There are several secondary benefits alongside this; access to a greater range of goods, a greater pace of scientific development due to pooled research, and, politically, rather than economic, reduced likelihood of conflict between trading partners.
However, while these benefits certainly exist, there are many costs that are ignored by dry economic theory; the rest of this post will lay out these costs, primarily regarding competition and regulation.
If labour, capital and firms were equally mobile the opening of borders would have a balanced, and almost wholly positive economic effect – as described above. As wages rise in one area and unemployment in another people would move, shifting the respective supply and demand of labour, balancing the two areas. Likewise, if investors see potential for high returns in one location they will move capital until the relative returns are equal – the opportunity for abnormal profits is gone. However, globalisation in practice has not simply been the stretching of this principle across countries.
If individuals were able to move with as much ease as firms, there would be no opportunity to exploit low wage work in the developing world – they would simply move to where there are higher wages. We can develop this model further; suppose some nations have more generous welfare states than others, but also high tax rates. With these factors taking different levels of importance for firms and workers respectively, imbalances in their respective supplies will develop. Some countries will experience unemployment, others labour shortages and upward wage pressures. Facing these macroeconomic challenges, governments will adjust their policy programmes in order to achieve stable growth; redressing of the balance between taxation and spending to attract either businesses or workers.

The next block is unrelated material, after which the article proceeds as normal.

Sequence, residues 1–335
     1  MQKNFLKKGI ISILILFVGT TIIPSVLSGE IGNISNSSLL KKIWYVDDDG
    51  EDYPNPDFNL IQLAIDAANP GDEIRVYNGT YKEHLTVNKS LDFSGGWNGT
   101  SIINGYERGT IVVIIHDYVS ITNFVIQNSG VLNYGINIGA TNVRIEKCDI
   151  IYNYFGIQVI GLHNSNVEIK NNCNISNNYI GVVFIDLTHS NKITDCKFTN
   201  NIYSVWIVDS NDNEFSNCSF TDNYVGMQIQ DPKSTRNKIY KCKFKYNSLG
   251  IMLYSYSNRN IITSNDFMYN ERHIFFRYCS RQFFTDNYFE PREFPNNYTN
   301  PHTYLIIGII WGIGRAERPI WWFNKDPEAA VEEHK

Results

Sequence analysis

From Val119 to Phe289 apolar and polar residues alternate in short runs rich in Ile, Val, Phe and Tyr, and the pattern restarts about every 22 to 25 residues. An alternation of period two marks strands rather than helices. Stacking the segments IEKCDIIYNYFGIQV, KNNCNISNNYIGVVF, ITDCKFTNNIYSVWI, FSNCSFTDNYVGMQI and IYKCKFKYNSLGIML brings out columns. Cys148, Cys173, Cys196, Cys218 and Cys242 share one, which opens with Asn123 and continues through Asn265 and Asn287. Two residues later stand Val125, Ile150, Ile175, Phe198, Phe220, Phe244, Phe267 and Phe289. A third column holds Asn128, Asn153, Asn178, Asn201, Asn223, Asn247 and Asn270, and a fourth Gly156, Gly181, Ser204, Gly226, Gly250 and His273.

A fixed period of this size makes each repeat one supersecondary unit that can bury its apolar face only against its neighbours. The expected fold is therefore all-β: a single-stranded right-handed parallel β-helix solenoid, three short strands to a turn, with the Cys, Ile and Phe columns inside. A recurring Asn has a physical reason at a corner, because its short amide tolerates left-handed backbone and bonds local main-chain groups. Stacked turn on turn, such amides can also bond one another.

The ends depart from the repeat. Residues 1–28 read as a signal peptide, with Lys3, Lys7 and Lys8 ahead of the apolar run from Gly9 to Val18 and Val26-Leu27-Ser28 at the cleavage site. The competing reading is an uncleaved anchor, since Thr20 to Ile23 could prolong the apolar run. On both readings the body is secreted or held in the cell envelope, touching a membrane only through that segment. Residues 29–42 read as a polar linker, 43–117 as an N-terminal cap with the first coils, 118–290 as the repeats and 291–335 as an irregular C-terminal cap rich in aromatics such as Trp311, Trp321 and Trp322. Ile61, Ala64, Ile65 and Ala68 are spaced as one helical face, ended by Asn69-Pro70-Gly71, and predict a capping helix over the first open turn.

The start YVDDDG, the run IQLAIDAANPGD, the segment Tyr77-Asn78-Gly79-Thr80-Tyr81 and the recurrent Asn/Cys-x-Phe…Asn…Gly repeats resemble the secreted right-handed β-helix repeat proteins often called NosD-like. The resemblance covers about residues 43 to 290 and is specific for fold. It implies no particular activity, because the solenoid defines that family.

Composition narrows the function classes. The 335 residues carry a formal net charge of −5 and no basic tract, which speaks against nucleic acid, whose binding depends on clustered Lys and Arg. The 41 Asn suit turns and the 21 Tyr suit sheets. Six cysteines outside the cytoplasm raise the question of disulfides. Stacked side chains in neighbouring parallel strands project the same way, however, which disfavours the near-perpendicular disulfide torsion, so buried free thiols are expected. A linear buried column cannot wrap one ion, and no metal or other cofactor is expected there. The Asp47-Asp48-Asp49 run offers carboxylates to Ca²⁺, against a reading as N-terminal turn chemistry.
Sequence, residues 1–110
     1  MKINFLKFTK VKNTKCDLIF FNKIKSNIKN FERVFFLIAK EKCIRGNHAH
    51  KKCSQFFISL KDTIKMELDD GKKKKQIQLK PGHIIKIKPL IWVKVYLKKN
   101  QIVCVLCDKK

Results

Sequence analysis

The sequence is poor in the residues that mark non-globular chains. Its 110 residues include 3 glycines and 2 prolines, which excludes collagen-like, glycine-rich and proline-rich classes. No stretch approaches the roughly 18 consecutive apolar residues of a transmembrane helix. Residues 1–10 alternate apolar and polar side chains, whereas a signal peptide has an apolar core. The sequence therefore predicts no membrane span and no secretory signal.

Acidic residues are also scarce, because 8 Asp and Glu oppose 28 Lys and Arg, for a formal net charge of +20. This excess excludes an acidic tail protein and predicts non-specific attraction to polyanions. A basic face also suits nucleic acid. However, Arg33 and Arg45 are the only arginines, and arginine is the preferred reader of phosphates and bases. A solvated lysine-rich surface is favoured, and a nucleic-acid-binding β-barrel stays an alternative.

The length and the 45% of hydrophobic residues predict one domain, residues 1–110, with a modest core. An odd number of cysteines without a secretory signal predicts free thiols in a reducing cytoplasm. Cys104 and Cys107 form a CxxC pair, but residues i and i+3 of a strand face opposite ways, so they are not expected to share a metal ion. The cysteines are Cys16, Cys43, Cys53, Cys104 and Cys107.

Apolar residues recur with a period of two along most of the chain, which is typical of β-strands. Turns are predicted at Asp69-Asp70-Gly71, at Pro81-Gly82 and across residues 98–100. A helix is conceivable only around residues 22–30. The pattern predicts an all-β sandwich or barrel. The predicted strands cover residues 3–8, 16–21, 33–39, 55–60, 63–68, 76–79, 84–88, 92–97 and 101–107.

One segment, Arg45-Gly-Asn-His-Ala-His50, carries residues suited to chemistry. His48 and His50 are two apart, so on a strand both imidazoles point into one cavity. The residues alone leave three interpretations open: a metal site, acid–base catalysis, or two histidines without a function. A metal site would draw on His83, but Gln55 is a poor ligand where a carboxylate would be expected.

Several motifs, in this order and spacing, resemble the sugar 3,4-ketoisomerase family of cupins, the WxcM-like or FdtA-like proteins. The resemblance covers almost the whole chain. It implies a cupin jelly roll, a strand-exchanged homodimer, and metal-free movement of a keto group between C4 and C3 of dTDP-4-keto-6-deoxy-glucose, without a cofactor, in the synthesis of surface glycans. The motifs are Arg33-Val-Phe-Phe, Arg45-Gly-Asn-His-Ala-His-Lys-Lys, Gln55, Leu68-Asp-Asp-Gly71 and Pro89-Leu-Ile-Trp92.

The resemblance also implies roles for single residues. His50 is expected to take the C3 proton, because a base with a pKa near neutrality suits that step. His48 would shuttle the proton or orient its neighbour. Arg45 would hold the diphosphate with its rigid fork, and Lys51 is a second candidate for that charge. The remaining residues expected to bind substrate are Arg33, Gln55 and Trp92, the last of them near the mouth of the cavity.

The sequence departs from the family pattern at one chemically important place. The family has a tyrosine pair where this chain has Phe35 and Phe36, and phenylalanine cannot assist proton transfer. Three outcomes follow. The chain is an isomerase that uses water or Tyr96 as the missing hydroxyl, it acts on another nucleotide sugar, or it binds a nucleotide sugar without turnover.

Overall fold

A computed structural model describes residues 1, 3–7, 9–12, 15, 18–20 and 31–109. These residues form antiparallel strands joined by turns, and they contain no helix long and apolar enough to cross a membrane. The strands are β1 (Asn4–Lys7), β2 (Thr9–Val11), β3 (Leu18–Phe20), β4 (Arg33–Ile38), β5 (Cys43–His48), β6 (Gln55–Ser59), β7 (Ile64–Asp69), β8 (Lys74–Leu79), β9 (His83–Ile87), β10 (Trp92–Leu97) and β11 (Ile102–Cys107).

In reality, the increase in competition has been varied across different markets, while firms have been able to move to exploit under-priced labour, labour has not been able to move to exploit high wages. This is in part the fault of regulators not allowing free movement of people, and but more likely due to the practical difficulties and costs of uprooting and moving a family. The result of this is a huge wage differential between the developing and developed world, with low wage work relocating to the former.